For some reason, on the Johns Hopkins CoVID-19 dashboard, Canada, as a country, has disappeared. (If you switch to the province/state/dependency mode, the individual provinces with infections still show up.)
This is disturbing, for someone who lives there ...
It's rude, but it makes some cogent points ...
Attention shoppers. Since we have restocked on toilet paper and paper towels, today's panic buys are soup, "snack" crackers, and the most expensive brands of bread on the shelves. (These are also the brands with the shortest shelf life.)
Since I shop daily, I've been tracking what the "panic buys" are pretty much daily. It's kind of interesting to see how group psychology moves through the herd ...
Our cities aren't exactly structured so that we can sing together, like Italy, or applaud first responders, like Spain, but we can set up or find ways to help out our neighbours who may be in difficulty.
Find something nice you can do for a doctor, nurse, first responder, or emergency management worker. They may be a bit busy later on.
When setting up, or looking for, social media contacts to find people to help during the crisis, remember that those most at risk, the elderly, may not use social media. If you have elderly friends and/or family you might, with their permission, submit their names to those help systems.
OK, this is cute. My brother alerted me to "Wash Your Lyrics." It allows you to create a handwashing directions poster based on any song lyrics you want. You're not just stuck with "Happy Birthday" twice over.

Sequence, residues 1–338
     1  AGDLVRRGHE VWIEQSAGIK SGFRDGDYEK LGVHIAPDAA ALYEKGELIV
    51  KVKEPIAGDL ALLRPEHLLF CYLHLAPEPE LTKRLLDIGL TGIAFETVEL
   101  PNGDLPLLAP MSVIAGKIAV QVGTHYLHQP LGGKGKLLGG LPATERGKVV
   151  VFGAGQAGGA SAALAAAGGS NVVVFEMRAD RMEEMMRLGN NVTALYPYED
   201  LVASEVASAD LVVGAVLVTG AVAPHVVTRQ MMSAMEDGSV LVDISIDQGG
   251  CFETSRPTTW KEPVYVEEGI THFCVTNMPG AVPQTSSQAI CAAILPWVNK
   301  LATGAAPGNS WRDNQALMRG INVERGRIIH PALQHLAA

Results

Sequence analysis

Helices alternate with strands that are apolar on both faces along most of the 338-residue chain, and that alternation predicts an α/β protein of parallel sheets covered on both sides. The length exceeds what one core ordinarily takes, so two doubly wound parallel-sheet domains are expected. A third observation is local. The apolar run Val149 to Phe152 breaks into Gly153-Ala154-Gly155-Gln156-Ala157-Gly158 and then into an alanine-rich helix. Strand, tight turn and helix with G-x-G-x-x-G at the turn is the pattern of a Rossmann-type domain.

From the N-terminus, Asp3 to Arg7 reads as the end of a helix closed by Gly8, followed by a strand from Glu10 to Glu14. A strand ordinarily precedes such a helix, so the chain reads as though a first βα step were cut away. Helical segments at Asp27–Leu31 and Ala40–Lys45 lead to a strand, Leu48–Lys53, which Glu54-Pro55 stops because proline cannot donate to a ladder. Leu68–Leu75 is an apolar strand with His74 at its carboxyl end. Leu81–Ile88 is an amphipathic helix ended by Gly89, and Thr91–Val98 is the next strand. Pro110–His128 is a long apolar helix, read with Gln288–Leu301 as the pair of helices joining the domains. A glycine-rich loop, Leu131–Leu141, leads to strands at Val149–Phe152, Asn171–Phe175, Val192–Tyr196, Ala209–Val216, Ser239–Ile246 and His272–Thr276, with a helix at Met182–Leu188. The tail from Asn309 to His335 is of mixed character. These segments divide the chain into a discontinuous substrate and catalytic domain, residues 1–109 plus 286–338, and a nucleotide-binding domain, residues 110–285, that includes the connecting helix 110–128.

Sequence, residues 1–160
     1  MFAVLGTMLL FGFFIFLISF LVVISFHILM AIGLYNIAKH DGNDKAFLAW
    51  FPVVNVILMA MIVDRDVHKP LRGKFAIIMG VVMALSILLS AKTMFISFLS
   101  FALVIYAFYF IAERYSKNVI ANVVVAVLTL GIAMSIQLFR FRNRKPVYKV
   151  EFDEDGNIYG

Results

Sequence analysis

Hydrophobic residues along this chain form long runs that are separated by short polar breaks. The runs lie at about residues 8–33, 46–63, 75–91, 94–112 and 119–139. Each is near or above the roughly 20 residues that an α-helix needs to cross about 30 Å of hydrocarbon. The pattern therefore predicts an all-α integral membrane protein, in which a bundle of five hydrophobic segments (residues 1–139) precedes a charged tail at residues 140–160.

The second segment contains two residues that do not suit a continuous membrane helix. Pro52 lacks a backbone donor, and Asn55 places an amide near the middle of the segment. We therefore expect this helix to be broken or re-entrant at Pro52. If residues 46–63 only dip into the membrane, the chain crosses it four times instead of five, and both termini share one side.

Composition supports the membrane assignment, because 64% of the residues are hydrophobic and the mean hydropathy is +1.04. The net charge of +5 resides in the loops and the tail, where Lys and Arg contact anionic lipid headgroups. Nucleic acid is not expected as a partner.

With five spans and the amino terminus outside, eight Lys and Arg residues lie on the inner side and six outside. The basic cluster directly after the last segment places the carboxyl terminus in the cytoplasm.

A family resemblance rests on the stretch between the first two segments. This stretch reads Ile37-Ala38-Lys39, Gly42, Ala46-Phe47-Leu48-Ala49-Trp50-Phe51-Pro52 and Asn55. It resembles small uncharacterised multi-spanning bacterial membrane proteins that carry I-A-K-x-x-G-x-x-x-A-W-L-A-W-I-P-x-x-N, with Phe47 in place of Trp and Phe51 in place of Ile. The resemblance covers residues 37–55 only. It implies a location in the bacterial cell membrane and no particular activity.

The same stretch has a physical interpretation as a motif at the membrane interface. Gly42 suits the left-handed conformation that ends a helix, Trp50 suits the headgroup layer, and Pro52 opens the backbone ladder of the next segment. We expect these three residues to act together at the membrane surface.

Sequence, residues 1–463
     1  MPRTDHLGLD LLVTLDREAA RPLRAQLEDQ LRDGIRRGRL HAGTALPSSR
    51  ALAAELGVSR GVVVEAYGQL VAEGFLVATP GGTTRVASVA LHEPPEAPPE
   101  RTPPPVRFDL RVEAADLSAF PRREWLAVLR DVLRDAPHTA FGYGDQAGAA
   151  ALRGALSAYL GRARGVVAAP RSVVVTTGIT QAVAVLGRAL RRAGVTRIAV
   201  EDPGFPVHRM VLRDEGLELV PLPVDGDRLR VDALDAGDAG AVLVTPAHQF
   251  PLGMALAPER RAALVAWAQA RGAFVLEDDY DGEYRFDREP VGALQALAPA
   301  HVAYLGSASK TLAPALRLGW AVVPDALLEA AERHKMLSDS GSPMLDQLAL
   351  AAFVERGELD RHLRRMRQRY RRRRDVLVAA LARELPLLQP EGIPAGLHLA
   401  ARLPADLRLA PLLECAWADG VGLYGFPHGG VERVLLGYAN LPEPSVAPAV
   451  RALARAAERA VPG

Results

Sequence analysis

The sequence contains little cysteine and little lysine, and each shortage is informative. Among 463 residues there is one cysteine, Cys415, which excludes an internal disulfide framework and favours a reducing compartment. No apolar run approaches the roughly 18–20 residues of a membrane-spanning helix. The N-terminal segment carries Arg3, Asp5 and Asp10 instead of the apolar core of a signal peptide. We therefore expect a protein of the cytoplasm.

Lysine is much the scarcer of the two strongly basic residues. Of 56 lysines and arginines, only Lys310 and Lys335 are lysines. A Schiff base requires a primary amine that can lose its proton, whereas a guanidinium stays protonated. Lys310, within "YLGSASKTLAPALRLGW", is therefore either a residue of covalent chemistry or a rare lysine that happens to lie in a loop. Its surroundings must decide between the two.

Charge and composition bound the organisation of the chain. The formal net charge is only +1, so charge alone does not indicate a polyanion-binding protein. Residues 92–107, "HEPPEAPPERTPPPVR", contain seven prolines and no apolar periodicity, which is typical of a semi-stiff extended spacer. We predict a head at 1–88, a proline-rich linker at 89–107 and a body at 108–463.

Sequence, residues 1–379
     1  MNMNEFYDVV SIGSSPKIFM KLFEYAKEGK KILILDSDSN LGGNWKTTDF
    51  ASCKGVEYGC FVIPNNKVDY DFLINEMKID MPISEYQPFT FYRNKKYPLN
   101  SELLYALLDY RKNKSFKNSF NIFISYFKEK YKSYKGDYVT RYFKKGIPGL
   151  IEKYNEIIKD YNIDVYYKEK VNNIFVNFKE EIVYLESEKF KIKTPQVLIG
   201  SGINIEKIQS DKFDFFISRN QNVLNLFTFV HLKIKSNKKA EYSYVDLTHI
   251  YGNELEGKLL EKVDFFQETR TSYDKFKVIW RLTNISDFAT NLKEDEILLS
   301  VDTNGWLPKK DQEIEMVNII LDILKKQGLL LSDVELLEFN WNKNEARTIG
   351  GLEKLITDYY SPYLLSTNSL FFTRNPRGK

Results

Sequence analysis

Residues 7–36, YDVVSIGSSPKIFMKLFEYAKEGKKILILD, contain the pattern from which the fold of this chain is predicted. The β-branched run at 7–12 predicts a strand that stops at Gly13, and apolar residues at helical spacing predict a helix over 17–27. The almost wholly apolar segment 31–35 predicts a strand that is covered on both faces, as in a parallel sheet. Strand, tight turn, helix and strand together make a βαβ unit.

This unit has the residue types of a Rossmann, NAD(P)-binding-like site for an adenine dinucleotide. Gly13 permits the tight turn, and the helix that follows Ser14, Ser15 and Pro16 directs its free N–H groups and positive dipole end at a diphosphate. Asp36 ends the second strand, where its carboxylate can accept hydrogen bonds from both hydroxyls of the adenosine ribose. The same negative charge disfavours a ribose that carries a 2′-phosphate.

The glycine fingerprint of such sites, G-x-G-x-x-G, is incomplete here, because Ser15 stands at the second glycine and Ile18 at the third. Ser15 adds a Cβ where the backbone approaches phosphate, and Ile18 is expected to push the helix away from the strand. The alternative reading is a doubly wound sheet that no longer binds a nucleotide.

Impressive catalogue. I tried it with "The Biplane (Evermore)" by the Irish Rovers, which is not exactly a current Top Forty hit, and it still found it:
So, first it was toilet paper. And then it was beans. (Probably bought up by people who never eat beans ...) Then there were suspicious holes in the shelves in the cereal aisle. Then ...
Well, you get the picture. So I've started to, well, document the daily "idiot's panic buy."
Today it was meat.
Now, that may not look bare in comparison to some empty shelves you've seen on the news, but, believe me, compared to how it's usually stocked, there's been a run. (I suppose I live in a carnivorous neighborhood.)
But that's not the end of the story. One of the staff saw me take the picture. And told me I wasn't allowed to take pictures.
Oh, come on. I'm not allowed to take any pictures in their store? I'm not allowed to take pictures of my grandkids, when they are shopping with me? I'm not allowed to take a picture of a shelf full of almost identical products and send it to Gloria so she can tell me which one is the only one I'm allowed to buy? What's he going to do, call the picture police and have them confiscate my non-film (since it's on my phone)? Obviously, we have the world's second stupidest store manager running our grocery.
And if they are worried that taking pictures in their store will lead to panic buying--Look, tosh. That particular equine bolted from the stable a loooonnnnnng time ago.
@rslade Obviously meat has its own privacy. I guess the store manager, thought you were a secret shopper, testing their service and pricing regime.
Today's idiot panic buy is:
Look, the potato is a noble animal. Yes, the potato famine was a bad thing, but only because the population of Ireland had previously exploded to ten times normal because of the nutritional benefits of potatoes. And potatoes do keep for a long time.
But you aren't going to eat them, are you? You don't eat potatoes. And you won't eat potatoes after the panic is over.
Because potatoes have CARBS!! Carbs are evil! (At least in your tiny little idiot hoarder mindset.)
@rslade Well if you think that was crazy, look at what happened in Australia: